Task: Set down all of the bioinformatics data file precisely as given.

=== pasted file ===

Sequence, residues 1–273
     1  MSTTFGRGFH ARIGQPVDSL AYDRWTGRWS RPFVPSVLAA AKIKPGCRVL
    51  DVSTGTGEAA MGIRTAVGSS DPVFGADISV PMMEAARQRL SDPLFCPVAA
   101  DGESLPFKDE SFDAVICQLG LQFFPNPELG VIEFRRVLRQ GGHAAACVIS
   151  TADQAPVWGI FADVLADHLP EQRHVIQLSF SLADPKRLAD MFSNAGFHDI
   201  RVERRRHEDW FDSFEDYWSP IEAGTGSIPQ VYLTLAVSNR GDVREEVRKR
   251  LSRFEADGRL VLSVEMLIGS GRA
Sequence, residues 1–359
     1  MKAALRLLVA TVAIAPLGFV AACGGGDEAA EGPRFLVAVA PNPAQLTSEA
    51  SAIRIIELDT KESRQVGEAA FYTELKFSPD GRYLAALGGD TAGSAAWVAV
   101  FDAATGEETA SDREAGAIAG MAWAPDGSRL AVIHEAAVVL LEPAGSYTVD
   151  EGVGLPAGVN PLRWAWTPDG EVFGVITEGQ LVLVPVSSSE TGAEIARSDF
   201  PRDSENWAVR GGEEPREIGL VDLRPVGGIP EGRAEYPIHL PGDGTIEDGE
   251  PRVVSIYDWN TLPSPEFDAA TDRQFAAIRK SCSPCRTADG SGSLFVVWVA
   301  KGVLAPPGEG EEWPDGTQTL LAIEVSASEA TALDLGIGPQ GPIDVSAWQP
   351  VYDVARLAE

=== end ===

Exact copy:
Sequence, residues 1–273
     1  MSTTFGRGFH ARIGQPVDSL AYDRWTGRWS RPFVPSVLAA AKIKPGCRVL
    51  DVSTGTGEAA MGIRTAVGSS DPVFGADISV PMMEAARQRL SDPLFCPVAA
   101  DGESLPFKDE SFDAVICQLG LQFFPNPELG VIEFRRVLRQ GGHAAACVIS
   151  TADQAPVWGI FADVLADHLP EQRHVIQLSF SLADPKRLAD MFSNAGFHDI
   201  RVERRRHEDW FDSFEDYWSP IEAGTGSIPQ VYLTLAVSNR GDVREEVRKR
   251  LSRFEADGRL VLSVEMLIGS GRA
Sequence, residues 1–359
     1  MKAALRLLVA TVAIAPLGFV AACGGGDEAA EGPRFLVAVA PNPAQLTSEA
    51  SAIRIIELDT KESRQVGEAA FYTELKFSPD GRYLAALGGD TAGSAAWVAV
   101  FDAATGEETA SDREAGAIAG MAWAPDGSRL AVIHEAAVVL LEPAGSYTVD
   151  EGVGLPAGVN PLRWAWTPDG EVFGVITEGQ LVLVPVSSSE TGAEIARSDF
   201  PRDSENWAVR GGEEPREIGL VDLRPVGGIP EGRAEYPIHL PGDGTIEDGE
   251  PRVVSIYDWN TLPSPEFDAA TDRQFAAIRK SCSPCRTADG SGSLFVVWVA
   301  KGVLAPPGEG EEWPDGTQTL LAIEVSASEA TALDLGIGPQ GPIDVSAWQP
   351  VYDVARLAE